Because my brother started in the middle of the school year, my mom was hesitant to get a boxed curriculum. Many friends had mentioned to her that there may be a de-schooling process for both of them; they needed to break some of the rigidity that existed in public school so he would feel comfortable learning at home. As a result, the first semester was spent creating a curriculum based on his interests, pieced together from various workbooks and websites. My brother’s strong interest in soccer lead us to add a fantasy soccer team component as a long-term algebra and statistics assignment, for example. The more my family invested time into curriculum that interested my brother, the more his reading comprehension and overall school skills improved.

Over time, however, piecing together curriculum became a challenge, and to ensure all of the bases were covered, my mom switched to My Father’s World for quite some time. In high school, there was a return to pieced-together curriculum, including civics classes, personal finance, and German.

For my son, there was no clear way to start. The first few curriculum sets we tried didn’t work well with his special needs (he has an autism spectrum disorder), so we ended up going the route of a pieced-together curriculum, as well. Time will tell if we continue to create our own curriculum or switch to something we’ve purchased boxed, but for now, it is working well for us.

One of the biggest assets to homeschooling near the Kansas City area is the large number of resources that are available. Not only are there many homeschooling groups in the area, as I mentioned, but we have a huge number of great museums and resources. One of the first field trips we took was to a fudge shop that showed the kids how the fudge was made. (This was part of our unit on chocolate, which included language arts, science, and math.) We also have an aquarium, a zoo, a wonderful science museum that adds new exhibits every year and offers traveling exhibits, and the LEGOland Discovery Center, which offers many hands-on learning opportunities. We have a World War I memorial with a fantastic museum, which also makes a great field trip. And if all of that weren’t enough, Kansas is home to the Cosmosphere, a space museum, and is well within driving distance of Omaha, Bentonville, Oklahoma City, and Springfield, all of which have fantastic museums, too. There are a rich set of opportunities for homeschool athletics, music, and theatre, so kids in Kansas can get plugged into a homeschooling group regardless of their interests and ways of learning. The opportunities for enriching learning with hands-on activities are everywhere in the Kansas City area.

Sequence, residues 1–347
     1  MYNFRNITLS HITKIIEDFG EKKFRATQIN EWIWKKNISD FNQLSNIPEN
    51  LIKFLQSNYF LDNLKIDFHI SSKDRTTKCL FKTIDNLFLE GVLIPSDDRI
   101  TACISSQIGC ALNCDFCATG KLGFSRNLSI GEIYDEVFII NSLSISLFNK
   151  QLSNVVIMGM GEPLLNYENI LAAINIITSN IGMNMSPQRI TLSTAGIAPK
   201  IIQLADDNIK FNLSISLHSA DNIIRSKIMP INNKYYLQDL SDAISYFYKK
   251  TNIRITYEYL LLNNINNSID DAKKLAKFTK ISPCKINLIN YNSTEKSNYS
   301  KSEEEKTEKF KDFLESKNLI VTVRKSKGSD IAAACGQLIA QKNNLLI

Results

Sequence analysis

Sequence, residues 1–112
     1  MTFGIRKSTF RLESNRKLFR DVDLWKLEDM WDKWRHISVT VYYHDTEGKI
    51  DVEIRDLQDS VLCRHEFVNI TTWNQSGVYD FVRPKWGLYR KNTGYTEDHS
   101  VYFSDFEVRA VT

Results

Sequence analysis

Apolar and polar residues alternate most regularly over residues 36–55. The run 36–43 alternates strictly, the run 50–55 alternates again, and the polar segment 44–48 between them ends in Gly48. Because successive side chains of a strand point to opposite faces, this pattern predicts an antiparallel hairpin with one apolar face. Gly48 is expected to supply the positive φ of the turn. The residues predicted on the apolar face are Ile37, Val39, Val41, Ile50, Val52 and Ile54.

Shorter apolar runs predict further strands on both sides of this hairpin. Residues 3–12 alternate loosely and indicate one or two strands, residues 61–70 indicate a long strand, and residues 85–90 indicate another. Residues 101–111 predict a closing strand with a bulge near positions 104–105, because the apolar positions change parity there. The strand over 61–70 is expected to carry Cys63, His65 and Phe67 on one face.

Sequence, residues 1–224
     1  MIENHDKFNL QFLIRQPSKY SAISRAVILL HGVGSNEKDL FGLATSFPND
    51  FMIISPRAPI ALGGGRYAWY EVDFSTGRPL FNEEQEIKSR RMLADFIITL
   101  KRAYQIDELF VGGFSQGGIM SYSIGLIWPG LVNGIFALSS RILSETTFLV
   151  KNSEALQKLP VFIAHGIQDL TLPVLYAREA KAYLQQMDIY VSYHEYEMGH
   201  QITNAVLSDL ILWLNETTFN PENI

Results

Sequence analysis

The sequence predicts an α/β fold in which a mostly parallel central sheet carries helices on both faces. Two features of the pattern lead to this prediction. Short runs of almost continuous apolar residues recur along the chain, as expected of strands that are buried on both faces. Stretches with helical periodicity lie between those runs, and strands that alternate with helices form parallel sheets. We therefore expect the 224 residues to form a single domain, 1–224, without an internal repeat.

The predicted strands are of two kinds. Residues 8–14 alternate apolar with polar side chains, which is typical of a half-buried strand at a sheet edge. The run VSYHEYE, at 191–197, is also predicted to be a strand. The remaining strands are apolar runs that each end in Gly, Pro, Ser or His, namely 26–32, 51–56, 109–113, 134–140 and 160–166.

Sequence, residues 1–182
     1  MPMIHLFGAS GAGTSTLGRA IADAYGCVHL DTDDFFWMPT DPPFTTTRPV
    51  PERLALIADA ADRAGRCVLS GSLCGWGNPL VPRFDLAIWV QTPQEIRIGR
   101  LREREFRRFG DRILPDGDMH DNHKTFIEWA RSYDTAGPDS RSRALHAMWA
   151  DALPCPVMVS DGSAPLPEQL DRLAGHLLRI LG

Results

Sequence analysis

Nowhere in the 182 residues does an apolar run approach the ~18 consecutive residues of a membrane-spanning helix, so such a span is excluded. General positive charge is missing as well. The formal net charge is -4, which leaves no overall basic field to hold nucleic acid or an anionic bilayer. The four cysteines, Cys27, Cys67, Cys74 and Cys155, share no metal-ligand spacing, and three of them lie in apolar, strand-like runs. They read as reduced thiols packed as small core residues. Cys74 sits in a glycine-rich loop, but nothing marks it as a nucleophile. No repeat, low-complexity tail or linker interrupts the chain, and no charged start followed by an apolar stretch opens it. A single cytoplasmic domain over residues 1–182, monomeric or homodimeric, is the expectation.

However, times are changing in Kansas, as far as most homeschool families can tell. A tragic incident occurred in the Kansas City area where a boy, said to be homeschooled, was abused to the point that he died. It was an absolutely tragic story, and I know so many family’s hearts are broken for this boy. However, the fact that he was listed as homeschooled is being pushed as a way to change state homeschooling policy. Right now, families are free to choose the curriculum that suits the needs of their family. As I mentioned, we have to keep records for testing, but we aren’t mandated to do state standardized testing at all (though it is an option for families who would like to do it). However, Kansas is now looking at a legislation change that would require homeschools to be overseen by the local school district and require students to be tested within the school district so the school could check to make sure they aren’t falling behind, or worse, being abused. I can’t imagine a homeschooling family wanting to keep the school from finding out a story of abuse, but the idea of giving power to the schools to determine whether or not we’re doing enough for our kids is concerning. Many parents in the state are writing to their legislators to give them our own perspective. Even though we test, we don’t teach specifically towards the tests like public schools often do and, while our hearts are broken for this child, homeschooling is not what led to his death. For us, it’s definitely going to be a long journey ahead as we see what will happen with the legislation and find out if it will pass and change the requirements of homeschooling in Kansas.

Despite changing times and regulations, I am so thankful for the many opportunities and blessings that come with homeschooling in the state of Kansas. I can’t imagine us having as many great school days anywhere else, from getting to find out about our DNA at Union Station’s Science City in Kansas City to taking piano or Improv lessons at a small local studio. It’s worth every minute.”

——

Have any of you homeschooled in Kansas? Let me know in the comments! I would love to hear about your experiences.

 

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5 thoughts on “Homeschooling in the 50 States…and Beyond! Kansas

  1. rawsonjl says:

    Sounds wonderful! I hope legislators listen; it’s so sad when the actions of a few dictate the ways of many. We had a similar incident in our state and I know we are still fighting to keep legislation from being put in place to oversee homeschooling families.

    Liked by 2 people

    • savvyschooling says:

      Texas had quite a hard fought battle back in the 80s and 90s for the freedoms we enjoy today. It’s hard when you see lawmakers use something like this just to further their agenda.

      Like

  2. Camie says:

    This was delightful to read. How nice to live where there are so many opportunities for homeschoolers. So much more enriching than the school environment could ever offer. I too hope Kansas homeschool laws do not increase or become more strict all because of one abuse case, sad as it may be. That would just be wrong.

    Liked by 1 person